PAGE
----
What do you think of the outcome?
An Idaho science teacher who made national headlines after feeding a sick puppy to a snapping turtle in front of students was found not guilty of animal cruelty last week. Robert Crosland, a teacher at Preston Junior High School in the city of Preston, never disputed that he fed the puppy to his classroom turtle back in March. Crosland and his defense contended that the incident was a humane act of mercy toward the puppy, which he said was very ill and near death. The teacher was facing one charge of misdemeanor animal cruelty. “I honestly thought I was doing the right thing by putting it out of its misery,” the teacher explained. A jury came back with a not-guilty verdict after deliberating for about half an hour. After the trial, Crosland expressed gratitude to the local community for supporting him. Plus, the man was able to remain as a teacher working at
Preston Junior High School.
Crosland’s son, Mario Crosland, had gotten the puppy from a local farmer whose dog had given birth but and believed that her puppies challenged her health. Mario Crosland claimed that the puppy was very ill and refused to eat anything. Robert Crosland decided he would feed the puppy to one of his classroom animals – first a python, then the snapping turtle. He placed the puppy in the snapping turtle’s tank. As the puppy started to swim, it was dragged to the bottom of the tank and eaten. The attention and backlash garnered also led to the death of that specific snapping turtle, as Crosland did not apply for a proper permit. It was seized and put down by the Idaho State Department of Agriculture shortly afterwards.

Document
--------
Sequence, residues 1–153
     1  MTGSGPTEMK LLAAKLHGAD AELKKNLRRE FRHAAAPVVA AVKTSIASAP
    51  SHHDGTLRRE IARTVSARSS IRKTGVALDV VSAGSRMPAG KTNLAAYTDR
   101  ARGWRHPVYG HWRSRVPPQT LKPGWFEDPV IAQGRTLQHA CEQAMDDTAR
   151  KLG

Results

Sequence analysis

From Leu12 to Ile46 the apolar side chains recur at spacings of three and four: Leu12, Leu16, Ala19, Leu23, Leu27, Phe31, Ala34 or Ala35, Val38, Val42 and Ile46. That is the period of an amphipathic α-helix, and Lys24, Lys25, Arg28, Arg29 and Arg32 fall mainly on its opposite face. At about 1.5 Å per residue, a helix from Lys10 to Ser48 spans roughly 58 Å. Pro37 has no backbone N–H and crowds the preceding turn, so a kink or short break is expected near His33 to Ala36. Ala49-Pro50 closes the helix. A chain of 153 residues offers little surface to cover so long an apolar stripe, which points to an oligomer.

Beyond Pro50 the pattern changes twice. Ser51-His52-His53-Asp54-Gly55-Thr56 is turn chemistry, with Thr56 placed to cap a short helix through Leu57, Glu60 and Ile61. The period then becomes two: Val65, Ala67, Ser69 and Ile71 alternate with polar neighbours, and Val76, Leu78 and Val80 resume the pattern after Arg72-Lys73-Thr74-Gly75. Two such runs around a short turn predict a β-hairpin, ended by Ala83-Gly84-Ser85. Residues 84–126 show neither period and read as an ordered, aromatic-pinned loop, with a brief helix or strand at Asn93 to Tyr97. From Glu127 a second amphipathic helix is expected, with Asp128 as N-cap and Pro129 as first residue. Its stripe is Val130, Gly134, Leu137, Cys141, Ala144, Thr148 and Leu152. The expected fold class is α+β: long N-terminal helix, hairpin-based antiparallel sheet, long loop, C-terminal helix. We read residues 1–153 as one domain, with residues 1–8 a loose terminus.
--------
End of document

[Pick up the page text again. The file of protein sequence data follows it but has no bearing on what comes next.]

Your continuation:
The feeding happened after the school day was over, while 3 students remained in the classroom. The mother of 2 boys concerned even defended the teacher’s actions, and so did the other student. Others however, condemned the act. “I don’t think it was necessary to teach anything to these children that was gained by feeding a live puppy to a turtle. We don’t teach hypothermia in physiology class by putting kittens in a freezer,” remarked Jeff Rosenthal, a veterinarian and the chief executive of the Idaho Humane Society.
Watch the news report in the video below:
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